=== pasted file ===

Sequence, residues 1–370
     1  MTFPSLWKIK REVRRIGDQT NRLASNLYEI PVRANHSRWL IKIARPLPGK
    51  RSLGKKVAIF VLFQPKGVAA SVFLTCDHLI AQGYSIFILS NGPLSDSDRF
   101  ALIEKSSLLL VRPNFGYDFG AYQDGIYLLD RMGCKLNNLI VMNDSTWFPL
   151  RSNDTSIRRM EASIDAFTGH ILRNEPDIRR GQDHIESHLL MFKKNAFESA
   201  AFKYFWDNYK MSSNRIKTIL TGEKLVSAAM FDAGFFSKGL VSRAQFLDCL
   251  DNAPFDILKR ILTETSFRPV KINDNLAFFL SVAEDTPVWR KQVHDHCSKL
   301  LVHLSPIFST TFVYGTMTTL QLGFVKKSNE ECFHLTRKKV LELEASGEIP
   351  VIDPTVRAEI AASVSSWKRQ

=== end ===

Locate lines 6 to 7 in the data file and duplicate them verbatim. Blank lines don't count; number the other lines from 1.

   201  AFKYFWDNYK MSSNRIKTIL TGEKLVSAAM FDAGFFSKGL VSRAQFLDCL
   251  DNAPFDILKR ILTETSFRPV KINDNLAFFL SVAEDTPVWR KQVHDHCSKL